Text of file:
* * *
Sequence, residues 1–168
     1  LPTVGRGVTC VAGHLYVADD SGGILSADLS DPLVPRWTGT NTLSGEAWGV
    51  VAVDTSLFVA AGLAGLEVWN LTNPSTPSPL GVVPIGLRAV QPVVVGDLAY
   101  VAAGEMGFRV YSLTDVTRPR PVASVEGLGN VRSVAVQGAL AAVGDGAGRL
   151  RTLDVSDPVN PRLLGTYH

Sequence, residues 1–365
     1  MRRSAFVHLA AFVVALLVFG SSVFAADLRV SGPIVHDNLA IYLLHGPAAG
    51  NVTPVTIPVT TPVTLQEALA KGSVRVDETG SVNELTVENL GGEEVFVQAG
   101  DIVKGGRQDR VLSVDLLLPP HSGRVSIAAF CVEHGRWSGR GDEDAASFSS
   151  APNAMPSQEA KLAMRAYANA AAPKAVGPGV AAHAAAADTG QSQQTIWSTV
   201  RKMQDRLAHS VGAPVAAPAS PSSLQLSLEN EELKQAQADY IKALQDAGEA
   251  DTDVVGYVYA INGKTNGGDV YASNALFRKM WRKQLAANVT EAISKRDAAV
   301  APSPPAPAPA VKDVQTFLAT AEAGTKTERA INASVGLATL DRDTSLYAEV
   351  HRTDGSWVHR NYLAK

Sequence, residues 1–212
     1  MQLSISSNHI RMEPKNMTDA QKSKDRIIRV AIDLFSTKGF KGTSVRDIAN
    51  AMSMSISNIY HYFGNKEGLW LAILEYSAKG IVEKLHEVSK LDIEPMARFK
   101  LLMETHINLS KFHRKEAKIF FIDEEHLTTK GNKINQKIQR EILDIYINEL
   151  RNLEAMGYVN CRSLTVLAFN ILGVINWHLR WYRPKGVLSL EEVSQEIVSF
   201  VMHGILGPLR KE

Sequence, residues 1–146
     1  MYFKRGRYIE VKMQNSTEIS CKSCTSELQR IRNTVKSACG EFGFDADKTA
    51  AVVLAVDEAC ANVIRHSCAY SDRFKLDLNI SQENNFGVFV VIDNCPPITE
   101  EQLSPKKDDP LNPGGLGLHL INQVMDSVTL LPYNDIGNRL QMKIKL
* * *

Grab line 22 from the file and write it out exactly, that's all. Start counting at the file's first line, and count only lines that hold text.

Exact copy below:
     1  MYFKRGRYIE VKMQNSTEIS CKSCTSELQR IRNTVKSACG EFGFDADKTA